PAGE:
Tag Archive | "Jarret Johnson"

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Ravens free agents Grubbs, Redding taking visits elsewhere

Posted on 13 March 2012 by Luke Jones

Two Ravens free agents have already scheduled visits with other teams after failing to come to terms on new contracts prior to hitting the open market on Tuesday afternoon.

Pro Bowl left guard Ben Grubbs has scheduled a Wednesday visit with the New Orleans Saints, according to multiple reports. With Saints guard Carl Nicks the top interior lineman on the open market and rumored to be heading to the Tampa Bay Buccaneers, Grubbs would be a suitable — and more affordable — replacement on the New Orleans offensive line.

Veteran defensive end Cory Redding was on his way to visit Chuck Pagano and the Indianapolis Colts on Tuesday evening, per ESPN’s Adam Schefter. With Pagano targeting free agents from the defense he worked with as the Baltimore defensive coordinator in 2011, Redding would provide strong veteran leadership as well as a more affordable price than linebacker Jarret Johnson, who has also been rumored as a potential target for Indianapolis.

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newsome

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With free agency upon us, Ravens will lean on continued growth from within in 2012

Posted on 12 March 2012 by Luke Jones

With the start of the new league year and free agency less than 24 hours away, you can already hear the cries if you listen carefully.

And you know exactly what I’m talking about if you pay attention to talk radio, internet message boards, and Twitter over the opening days of free agency every year.

When are the Ravens going to do something?

Why does Ozzie insist on sitting on his hands?

They’re definitely taking a step back this season.

Never were those exclamations louder than last season, an unprecedented period of free agency that coincided with the start of training camp after the 134-day lockout. General manager Ozzie Newsome waved goodbye to veterans Derrick Mason, Todd Heap, Kelly Gregg, and Willis McGahee in a series of cap-saving cuts, and a number of veterans including Chris Chester, Dawan Landry, and Josh Wilson found richer contracts elsewhere.

Meanwhile, the Ravens’ free-agent additions for 2011 were relatively modest over the course of the preseason, adding fullback Vonta Leach, safety Bernard Pollard, left tackle Bryant McKinnie, center Andre Gurode, and running back Ricky Williams in addition to re-signing right guard Marshal Yanda to a long-term contract. The “offseason” timetable was stunted by the lockout, but Newsome operated in the way he typically does — calculated and conservative. In fact, the most dynamic move he made — trading a fourth-round pick to the Buffalo Bills for veteran receiver Lee Evans — turned out to be the biggest failure.

The history lesson is worth repeating as the Ravens embark on free agency for the 17th time in franchise history. Projected to have approximately $14.45 million in salary cap space (before tendering restricted free agents and exclusive rights free agents), Newsome will devote much of that to retaining as many of his own free agents as he can.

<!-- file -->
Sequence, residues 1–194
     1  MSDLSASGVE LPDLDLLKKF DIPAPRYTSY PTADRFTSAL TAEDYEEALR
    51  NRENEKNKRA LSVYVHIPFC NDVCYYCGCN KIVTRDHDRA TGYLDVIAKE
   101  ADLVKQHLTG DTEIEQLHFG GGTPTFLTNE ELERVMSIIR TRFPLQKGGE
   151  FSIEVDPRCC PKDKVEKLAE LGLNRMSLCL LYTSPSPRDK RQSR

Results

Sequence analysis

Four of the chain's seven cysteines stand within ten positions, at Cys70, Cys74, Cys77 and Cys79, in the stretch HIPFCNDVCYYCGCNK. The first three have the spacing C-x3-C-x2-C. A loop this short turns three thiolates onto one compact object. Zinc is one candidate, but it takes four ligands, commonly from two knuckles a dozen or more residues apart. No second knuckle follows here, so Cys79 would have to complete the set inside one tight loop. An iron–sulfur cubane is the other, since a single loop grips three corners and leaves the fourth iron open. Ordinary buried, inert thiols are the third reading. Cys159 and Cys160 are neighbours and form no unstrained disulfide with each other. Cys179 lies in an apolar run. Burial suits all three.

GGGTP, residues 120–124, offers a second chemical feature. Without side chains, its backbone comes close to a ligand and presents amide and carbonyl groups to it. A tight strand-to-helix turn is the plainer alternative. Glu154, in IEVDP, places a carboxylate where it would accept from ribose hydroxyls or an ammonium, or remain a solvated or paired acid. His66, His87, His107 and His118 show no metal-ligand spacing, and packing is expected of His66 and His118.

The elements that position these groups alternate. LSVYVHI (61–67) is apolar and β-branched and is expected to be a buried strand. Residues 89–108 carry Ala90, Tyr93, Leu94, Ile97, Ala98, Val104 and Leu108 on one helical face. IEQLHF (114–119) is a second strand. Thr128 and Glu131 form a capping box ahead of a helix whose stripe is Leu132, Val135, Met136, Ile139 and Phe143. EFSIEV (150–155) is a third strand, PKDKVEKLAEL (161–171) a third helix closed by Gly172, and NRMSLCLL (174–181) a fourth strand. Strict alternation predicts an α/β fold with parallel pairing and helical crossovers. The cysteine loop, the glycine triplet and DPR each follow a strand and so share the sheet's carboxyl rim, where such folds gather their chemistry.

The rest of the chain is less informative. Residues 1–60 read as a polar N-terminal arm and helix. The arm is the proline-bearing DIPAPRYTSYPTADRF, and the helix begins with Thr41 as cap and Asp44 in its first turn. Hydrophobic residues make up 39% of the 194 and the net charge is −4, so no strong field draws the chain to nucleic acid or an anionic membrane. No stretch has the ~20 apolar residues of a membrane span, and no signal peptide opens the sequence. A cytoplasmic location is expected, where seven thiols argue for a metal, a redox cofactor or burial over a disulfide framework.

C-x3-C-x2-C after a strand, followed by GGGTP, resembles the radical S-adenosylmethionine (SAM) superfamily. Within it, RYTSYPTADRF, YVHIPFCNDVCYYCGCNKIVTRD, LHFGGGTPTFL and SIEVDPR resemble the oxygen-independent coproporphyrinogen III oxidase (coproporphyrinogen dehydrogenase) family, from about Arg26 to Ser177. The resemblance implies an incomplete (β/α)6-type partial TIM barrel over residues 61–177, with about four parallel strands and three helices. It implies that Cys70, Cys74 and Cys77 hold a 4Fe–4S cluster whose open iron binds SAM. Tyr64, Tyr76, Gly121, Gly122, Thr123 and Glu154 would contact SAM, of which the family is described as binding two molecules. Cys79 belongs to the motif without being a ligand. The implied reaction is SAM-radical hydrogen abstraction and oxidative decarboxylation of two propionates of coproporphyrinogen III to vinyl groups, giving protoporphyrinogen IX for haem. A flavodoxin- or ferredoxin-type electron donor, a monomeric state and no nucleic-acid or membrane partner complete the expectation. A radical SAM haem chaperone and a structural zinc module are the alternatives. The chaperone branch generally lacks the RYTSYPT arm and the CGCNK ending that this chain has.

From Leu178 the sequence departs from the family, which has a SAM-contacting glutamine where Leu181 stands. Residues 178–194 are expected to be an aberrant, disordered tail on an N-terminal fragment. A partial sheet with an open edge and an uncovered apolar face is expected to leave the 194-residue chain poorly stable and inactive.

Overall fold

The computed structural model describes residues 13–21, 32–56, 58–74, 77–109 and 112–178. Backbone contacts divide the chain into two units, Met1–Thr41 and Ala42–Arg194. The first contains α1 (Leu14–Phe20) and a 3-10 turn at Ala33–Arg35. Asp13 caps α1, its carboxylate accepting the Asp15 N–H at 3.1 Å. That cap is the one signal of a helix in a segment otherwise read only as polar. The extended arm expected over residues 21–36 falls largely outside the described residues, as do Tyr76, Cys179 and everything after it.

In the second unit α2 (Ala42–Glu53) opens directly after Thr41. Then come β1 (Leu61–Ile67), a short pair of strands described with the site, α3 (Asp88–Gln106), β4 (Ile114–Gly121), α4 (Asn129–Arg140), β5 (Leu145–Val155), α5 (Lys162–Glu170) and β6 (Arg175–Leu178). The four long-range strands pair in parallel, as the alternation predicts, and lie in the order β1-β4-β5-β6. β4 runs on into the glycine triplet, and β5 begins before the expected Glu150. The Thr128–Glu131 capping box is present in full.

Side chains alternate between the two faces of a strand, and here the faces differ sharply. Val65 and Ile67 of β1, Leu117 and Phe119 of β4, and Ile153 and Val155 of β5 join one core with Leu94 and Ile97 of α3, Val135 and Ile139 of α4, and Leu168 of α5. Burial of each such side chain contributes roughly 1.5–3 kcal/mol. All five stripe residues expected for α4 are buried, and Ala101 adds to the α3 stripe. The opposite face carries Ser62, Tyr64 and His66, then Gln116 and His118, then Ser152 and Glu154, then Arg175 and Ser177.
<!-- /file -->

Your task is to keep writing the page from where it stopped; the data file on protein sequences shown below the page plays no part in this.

Of Baltimore’s 12 unrestricted free agents, five were starters last season, meaning the Ravens could be looking at more significant roster turnover than you’d like from an AFC North championship team that was one touchdown catch from advancing to the Super Bowl.

Expecting a dramatic splash of throwing money at elite free agents such as wide receiver Vincent Jackson or outside linebacker Mario Williams is only setting yourself up for disappointment. Even in the years in which he’s had the most cap room, Newsome rarely targets the players grabbing the headlines in the opening days of free agency, instead focusing on keeping his own and laying plans for value free agents that fulfill a need without eating up precious cap room.

As was the case last season, the Ravens will look for continued growth from within to aid in their quest for Super Bowl XLVII in New Orleans. Entering the 2011 season, Terrence Cody, Ed Dickson, and Dennis Pitta were well-known draft picks from the previous season but had yet to emerge as starting-caliber players in the NFL. Even bigger question marks surrounded Lardarius Webb and Cary Williams before they became legitimate starting cornerbacks for one of the league’s top defenses. And fighting serious doubts after a poor preseason, wide receiver Torrey Smith set franchise rookie records for receptions, receiving yards, and touchdown catches.

Their contributions were as critical as any free-agent acquisition the Ravens made en route to a 12-4 record and their first division title in five years.

This season, the Ravens will potentially look to younger players such as defensive ends Arthur Jones and Pernell McPhee, offensive lineman Jah Reid, and linebackers Paul Kruger, Dannell Ellerbe, and Albert McClellan to help fill potential voids left behind by free agents Cory Redding, Ben Grubbs, Matt Birk, Jarret Johnson, and Jameel McClain. Of course, the Ravens will add new pieces via free agency and next month’s draft to fill some of those needs, but it’s almost a guarantee that they’ll need to lean on some combination of the aforementioned players for expanded roles in 2012.

After tendering their restricted free agents and exclusive rights players, the Ravens will be left with somewhere between $6 million and $7 million to address their own unrestricted free agents and shop the open market. It doesn’t take an economics major to realize that money will only go so far.

But, as he usually does, Newsome will make the most of it.

As the frenzy of free agency begins on Tuesday and the big names start coming off the board — possibly even a few from the Ravens’ own backyard leaving for greener pastures — remember many of the biggest factors determining how the Ravens fare in 2012 already reside in Owings Mills.